For all xenograft models, female Balb/c nude mice (Charles River Laboratories) were 8 weeks old and at least 16 g in weight at the time of tumor implantation. To establish orthotopic RT112‐luc tumors, mice were anesthetized with 2% isoflurane and a 27G angiocatheter (BD Biosciences), with the needle removed, was lubricated with sterile Lubrifax and inserted into the bladder via the urethra. The bladder was infused for 15 s with 50 μl of 0.1 M HCl, neutralized with 50 μl of 0.1 M KOH for 15 s, and then washed three times with phosphate‐buffered saline (PBS). Next, a 50 μl suspension of Hank's balanced salt solution (HBSS) containing 2 × 106 RT112‐luc cells was instilled into the bladder using the catheter and left in‐dwell for 1 h while the mice remained under anesthesia. For virus treatments, the bladders of anesthetized mice were emptied by catheterization and then 50 μl of PBS, containing 1 × 106 PFU of virus, was instilled into each mouse on days 10, 13, and 16 post‐implantations. The virus was left in‐dwell for 1 h while the mice remained under anesthesia.
To produce RT112‐luc or UM‐UC3‐luc flank tumors, Balb/c nude mice were anesthetized with isoflurane then injected subcutaneously with 0.1 ml of 2 × 106 tumor cells in PBS containing 50% Matrigel (Corning).
Ten‐week‐old Fisher F344 immune‐competent female rats (Charles River Laboratories), weighing at least 150 g, were used for orthotopic AY‐27 tumor implantation as previously described (Xiao et al, 1999). Briefly, 0.3 ml 0.1 M HCl was instilled into the bladder of rats anesthetized with isoflurane, left in‐dwell for 15 s, and neutralized with 0.3 ml of 0.1 M KOH for 15 s, and then the bladder washed three times with PBS. The catheter was then used to deliver 0.3 ml of saline containing 3 × 106 AY‐27 cells, the cells were left in‐dwell for 1 h, and the rats were returned to their cages. Five days later, tumor take was confirmed by cystoscopy (Asanuma et al, 2003). For virus treatments, the rats were anesthetized and catheterized, the bladders were emptied by suprapubic pressure, and then 3 × 108 PFU of virus in 0.3 ml PBS was instilled into each bladder on days 6, 9, and 12 and left in‐dwell for 1 h.
Rats that were determined to be tumor‐free by cystoscopy at day 125 post‐tumor implantations were challenged with 3 × 106 AY‐27 cells in the flank. Cells were resuspended in HBSS and mixed with equal volumes of Matrigel (Corning). A total of 200 μl was injected. Age‐matched Fisher F344 immune‐competent female rats were used as controls.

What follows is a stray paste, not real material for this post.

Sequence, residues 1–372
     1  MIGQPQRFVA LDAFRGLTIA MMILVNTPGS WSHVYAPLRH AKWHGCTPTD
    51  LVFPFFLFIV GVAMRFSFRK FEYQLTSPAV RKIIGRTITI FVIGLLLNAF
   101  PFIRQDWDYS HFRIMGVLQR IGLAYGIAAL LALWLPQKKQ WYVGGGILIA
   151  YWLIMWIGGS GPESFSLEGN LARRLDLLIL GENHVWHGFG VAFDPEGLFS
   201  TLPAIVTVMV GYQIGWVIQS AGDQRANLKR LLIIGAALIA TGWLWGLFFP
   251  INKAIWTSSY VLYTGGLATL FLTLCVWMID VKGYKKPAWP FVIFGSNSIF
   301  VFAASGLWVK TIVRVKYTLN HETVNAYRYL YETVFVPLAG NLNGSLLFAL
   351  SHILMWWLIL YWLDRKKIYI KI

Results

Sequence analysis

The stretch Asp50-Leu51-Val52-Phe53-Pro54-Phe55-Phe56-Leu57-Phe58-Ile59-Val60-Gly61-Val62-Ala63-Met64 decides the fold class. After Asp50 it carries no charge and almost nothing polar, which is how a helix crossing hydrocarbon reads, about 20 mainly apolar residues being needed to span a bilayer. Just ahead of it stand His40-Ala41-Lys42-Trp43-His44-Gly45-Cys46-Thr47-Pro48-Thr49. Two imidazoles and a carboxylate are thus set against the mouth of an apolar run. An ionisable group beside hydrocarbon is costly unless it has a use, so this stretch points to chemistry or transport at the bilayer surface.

Isolation of CD3+ cells
Spleens were harvested from euthanized rats and placed in HBSS on ice. Next, they were cut into small pieces, resuspended in 4 ml of spleen dissociation medium, and broken up using a GentleMACS dissociator, followed by rocking at 37°C for 30 min. The dissociation program was run again, EDTA was added to 10 mM, and the cells were incubated at room temperature for another 10 min. Cells were then filtered through a 70‐μm MACS SmartStrainer (Miltenyi Biotec), centrifuged for 5 min at 350 g, and washed with HBSS. Red blood cells were lysed, and then the remaining cells were recovered by centrifugation, then resuspended in PBS and counted. CD3+ cells were isolated from this preparation using a MagCellect™ Rat CD3+ T‐cell isolation kit following the manufacturer's protocol (R&D Systems).
BMDC culture and lysate loading
The femurs were removed from euthanized naïve Fischer F344 female rats, cleaned of attached tissue, soaked in 70% isopropanol for 2 min, and rinsed in HBSS. Femur ends were removed and the marrow was flushed with HBSS. Red blood cells were lysed (eBioscience), and 3 × 106 of the remaining bone marrow cells were plated on 100‐mm untreated plates in 8 ml RPMI 1640 medium supplemented with 10% FBS, 50 μM 2‐mercaptoethanol, 2 mM l‐glutamine, 100 U/ml penicillin, 100 U/ml streptomycin, 0.25 μg/ml Fungizone® (Gibco), 500 U/ml rat GM‐CSF (Peprotech), and 20 ng/ml rat IL‐4 (Peprotech). The cells were cultured at 37°C and the medium, still containing GM‐CSF and IL‐4, was replaced on day 3. On day 5, the medium was replaced again, and 100 μg/ml of AY‐27 tumor lysate was added (see Appendix Supplementary Methods for preparation of tumor lysate). 12 h later, the cultures were matured by adding 20 U/ml TNF‐α (Peprotech) and 0.5 μg/ml CD40L (AdipoGen) (Labeur et al, 1999; Bachleitner‐Hofmann et al, 2002). Two days after adding the tumor cell lysates, the cultures were resuspended at 1 × 106 cells/ml in fresh medium.
Proliferation assays were performed in 96‐well U‐bottom plates (Greiner Bio‐One). BMDCs (pulsed with or without lysates) were co‐cultured with 105 CD3+ cells at different ratios (1:1, 10:1, and 100:1 CD3:BMDC) in RPMI 1640 medium as described above. The CD3+ cells were previously labeled with CellTrace Violet per the manufacturer's directions (Thermo Fisher Scientific). After 6 days of co‐culture, flow cytometry was used to measure CD3+ T‐cell proliferation. Supernatants were collected from cells co‐cultured for 24 h, and assayed by ELISA for interferon‐γ (Legend Max, BioLegend™).